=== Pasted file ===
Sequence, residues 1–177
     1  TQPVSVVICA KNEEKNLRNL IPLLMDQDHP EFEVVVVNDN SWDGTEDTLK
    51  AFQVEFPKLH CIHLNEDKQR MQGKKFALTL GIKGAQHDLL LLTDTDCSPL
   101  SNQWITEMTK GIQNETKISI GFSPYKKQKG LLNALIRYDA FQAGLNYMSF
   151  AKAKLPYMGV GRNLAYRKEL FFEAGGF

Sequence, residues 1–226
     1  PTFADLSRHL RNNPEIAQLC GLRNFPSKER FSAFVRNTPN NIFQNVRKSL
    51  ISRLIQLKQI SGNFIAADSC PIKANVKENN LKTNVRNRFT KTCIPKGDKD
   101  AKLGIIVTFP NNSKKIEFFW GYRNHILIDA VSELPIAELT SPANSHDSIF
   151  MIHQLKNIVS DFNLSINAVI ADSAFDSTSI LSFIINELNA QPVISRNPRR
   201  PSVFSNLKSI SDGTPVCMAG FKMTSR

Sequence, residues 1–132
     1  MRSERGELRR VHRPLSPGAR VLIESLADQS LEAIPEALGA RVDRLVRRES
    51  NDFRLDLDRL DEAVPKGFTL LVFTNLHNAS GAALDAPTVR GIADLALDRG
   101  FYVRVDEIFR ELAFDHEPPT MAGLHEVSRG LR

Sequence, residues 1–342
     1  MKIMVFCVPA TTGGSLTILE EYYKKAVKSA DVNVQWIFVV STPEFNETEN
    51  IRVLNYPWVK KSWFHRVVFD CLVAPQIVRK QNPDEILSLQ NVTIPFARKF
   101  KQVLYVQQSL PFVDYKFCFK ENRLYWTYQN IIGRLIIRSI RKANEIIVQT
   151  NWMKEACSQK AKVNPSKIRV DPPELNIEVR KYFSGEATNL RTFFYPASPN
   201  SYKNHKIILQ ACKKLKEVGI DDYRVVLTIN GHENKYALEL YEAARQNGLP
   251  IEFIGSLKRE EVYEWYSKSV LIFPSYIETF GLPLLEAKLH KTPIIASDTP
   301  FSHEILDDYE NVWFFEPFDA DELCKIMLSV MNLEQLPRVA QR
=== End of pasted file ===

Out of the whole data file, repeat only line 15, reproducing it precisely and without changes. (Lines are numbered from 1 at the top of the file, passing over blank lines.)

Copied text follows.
   101  FYVRVDEIFR ELAFDHEPPT MAGLHEVSRG LR